Google Password Security- The U.S. Department of Homeland Security has designated October as “National Cybersecurity Awareness Month” to get government and industry working together to help people make better decisions and so be safer online. To coincide with this collaborative effort, Google is launching several initiatives. These include a Password Checkup feature that integrates into your Google account’s password manager, an incognito mode for Google Maps, YouTube history auto-delete and an easy way to delete your Google Assistant activity. Here’s everything you need to know.
Google password security changes
Google has had some reasonably robust security measures in place to help bolster your privacy for some while now. The Security Checkup feature that automatically detects potential security issues with your Google account, or the Password Checkup extension for Chrome that checks if your login credentials have been used on a site that has been breached, for example.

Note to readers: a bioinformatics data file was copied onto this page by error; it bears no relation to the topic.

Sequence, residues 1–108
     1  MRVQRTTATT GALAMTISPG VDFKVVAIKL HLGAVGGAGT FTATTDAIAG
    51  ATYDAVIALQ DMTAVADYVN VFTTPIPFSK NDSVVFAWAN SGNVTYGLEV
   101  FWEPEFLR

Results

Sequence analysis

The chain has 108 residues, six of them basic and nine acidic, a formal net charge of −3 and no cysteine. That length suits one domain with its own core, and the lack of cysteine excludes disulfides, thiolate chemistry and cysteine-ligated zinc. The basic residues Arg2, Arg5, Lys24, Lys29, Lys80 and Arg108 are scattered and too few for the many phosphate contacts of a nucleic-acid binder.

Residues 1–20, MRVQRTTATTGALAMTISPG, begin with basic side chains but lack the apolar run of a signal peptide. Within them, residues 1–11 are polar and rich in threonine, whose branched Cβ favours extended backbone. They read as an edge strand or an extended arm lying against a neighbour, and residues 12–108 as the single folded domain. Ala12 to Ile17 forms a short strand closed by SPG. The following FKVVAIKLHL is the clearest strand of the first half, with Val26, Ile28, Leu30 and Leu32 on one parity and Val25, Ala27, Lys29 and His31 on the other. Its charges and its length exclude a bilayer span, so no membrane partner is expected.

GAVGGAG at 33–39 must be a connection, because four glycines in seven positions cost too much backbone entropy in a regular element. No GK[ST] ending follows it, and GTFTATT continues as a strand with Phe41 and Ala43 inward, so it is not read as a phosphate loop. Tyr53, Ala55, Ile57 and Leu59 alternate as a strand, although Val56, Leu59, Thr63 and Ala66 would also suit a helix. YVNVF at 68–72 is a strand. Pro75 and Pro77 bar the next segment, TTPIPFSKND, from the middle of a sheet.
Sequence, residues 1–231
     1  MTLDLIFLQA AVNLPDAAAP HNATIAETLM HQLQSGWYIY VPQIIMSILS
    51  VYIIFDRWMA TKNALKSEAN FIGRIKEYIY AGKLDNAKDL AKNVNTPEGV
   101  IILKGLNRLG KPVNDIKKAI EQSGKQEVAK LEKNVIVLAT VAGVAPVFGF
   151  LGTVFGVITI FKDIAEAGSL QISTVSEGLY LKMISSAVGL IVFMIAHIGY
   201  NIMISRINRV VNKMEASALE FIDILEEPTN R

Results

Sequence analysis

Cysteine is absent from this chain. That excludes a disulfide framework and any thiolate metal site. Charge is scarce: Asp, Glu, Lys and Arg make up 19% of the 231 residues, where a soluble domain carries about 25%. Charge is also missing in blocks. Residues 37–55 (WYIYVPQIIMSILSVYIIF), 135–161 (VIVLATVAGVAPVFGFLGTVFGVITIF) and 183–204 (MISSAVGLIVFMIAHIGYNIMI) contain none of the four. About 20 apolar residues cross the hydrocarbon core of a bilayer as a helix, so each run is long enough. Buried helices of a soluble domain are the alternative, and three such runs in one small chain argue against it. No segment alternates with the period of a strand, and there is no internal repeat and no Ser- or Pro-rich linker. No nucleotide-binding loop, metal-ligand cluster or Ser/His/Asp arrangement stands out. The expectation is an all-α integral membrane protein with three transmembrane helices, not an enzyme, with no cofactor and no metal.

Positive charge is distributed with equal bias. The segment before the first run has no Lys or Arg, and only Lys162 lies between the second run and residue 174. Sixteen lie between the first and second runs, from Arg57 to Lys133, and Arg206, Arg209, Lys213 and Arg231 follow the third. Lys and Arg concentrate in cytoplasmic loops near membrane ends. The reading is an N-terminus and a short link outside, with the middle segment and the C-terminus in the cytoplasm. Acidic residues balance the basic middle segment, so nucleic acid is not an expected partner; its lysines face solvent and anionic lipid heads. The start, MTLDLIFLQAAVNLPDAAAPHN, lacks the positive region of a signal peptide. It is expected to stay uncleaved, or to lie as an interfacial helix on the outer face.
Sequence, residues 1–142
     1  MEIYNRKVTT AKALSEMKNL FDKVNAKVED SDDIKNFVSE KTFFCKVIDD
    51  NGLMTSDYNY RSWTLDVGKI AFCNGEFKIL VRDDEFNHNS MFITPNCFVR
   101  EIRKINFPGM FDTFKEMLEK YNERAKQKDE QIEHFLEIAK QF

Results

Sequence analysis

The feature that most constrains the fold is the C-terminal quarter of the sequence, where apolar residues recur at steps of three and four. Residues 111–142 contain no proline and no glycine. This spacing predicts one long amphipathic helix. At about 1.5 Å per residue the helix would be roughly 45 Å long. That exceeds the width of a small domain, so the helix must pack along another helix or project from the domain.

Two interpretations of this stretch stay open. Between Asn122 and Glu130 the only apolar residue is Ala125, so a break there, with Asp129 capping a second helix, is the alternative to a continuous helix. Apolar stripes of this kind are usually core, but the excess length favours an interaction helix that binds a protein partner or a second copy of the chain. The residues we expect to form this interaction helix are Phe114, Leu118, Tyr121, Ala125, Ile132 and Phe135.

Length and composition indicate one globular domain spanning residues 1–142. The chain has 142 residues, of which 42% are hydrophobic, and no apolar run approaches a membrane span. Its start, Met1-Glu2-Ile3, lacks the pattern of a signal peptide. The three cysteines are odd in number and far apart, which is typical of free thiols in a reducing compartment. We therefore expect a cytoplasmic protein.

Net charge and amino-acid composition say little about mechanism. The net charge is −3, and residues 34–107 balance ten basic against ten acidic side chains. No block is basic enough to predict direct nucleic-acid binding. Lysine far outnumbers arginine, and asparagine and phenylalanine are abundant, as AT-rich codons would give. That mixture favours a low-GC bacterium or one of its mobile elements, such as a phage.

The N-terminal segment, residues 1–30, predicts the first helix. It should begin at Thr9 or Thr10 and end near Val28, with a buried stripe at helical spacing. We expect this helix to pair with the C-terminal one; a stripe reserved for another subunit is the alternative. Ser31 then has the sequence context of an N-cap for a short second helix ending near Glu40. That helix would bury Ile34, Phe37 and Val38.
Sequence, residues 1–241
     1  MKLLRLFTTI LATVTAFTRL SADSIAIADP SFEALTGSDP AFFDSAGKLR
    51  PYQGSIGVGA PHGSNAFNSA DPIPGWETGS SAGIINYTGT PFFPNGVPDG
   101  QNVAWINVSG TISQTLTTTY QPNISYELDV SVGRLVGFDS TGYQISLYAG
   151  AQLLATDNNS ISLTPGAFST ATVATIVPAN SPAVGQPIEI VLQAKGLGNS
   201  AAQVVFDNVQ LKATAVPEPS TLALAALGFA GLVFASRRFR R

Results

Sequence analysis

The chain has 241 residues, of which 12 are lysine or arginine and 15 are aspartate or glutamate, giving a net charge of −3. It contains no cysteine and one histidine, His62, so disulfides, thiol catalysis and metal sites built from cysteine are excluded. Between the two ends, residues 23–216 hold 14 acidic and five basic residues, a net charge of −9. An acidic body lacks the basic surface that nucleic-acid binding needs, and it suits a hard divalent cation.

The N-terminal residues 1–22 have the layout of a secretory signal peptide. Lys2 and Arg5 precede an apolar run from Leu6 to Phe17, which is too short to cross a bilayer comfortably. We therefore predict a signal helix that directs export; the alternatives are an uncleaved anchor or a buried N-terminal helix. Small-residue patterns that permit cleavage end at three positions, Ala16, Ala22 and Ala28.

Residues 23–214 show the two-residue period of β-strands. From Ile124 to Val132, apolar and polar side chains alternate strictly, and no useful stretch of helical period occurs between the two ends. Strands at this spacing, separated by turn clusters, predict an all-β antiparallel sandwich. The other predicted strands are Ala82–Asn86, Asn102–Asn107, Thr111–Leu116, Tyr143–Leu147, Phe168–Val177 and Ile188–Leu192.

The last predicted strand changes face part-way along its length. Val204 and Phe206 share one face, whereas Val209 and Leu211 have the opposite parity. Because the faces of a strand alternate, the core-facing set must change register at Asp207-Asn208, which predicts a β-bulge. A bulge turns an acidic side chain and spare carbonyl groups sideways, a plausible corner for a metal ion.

To coincide with National Cybersecurity Awareness Month, Google is integrating that Password Checkup functionality into the Google account password manager. With a single tap, this will check all your saved passwords against a database of some 4 billion credentials leaked in data breaches. If there are any matches, this will warn you of the fact and provide personalized and actionable recommendations where needed. Password Checkup will also notify you if the password you are entering has been used across other sites as such credential reuse is a significant security risk. If one site that you use such a “utility password” on should get breached, it puts all the other sites and services where it is used at risk of compromise as well. Finally, the function will warn when you are using a weaker than recommended password that could put your personal information at risk. The same functionality will also be integrated directly into the Google Chrome browser later in the year, so bringing better protection to everyone. Assuming everyone uses the Google password manager, that is, which is where things start getting a little stickier on the security awareness front, sadly.